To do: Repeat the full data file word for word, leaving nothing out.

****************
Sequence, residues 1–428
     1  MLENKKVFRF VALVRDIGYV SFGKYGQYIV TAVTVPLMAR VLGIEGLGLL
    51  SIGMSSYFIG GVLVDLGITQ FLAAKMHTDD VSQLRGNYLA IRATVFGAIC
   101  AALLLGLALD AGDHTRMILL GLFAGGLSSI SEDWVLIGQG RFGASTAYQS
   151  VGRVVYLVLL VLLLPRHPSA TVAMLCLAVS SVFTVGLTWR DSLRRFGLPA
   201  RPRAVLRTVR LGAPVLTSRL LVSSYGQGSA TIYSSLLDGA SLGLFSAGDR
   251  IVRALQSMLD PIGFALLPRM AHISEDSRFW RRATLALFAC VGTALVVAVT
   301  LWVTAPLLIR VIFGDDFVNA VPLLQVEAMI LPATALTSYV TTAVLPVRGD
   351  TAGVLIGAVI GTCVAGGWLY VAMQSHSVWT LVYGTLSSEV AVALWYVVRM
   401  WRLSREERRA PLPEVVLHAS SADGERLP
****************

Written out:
Sequence, residues 1–428
     1  MLENKKVFRF VALVRDIGYV SFGKYGQYIV TAVTVPLMAR VLGIEGLGLL
    51  SIGMSSYFIG GVLVDLGITQ FLAAKMHTDD VSQLRGNYLA IRATVFGAIC
   101  AALLLGLALD AGDHTRMILL GLFAGGLSSI SEDWVLIGQG RFGASTAYQS
   151  VGRVVYLVLL VLLLPRHPSA TVAMLCLAVS SVFTVGLTWR DSLRRFGLPA
   201  RPRAVLRTVR LGAPVLTSRL LVSSYGQGSA TIYSSLLDGA SLGLFSAGDR
   251  IVRALQSMLD PIGFALLPRM AHISEDSRFW RRATLALFAC VGTALVVAVT
   301  LWVTAPLLIR VIFGDDFVNA VPLLQVEAMI LPATALTSYV TTAVLPVRGD
   351  TAGVLIGAVI GTCVAGGWLY VAMQSHSVWT LVYGTLSSEV AVALWYVVRM
   401  WRLSREERRA PLPEVVLHAS SADGERLP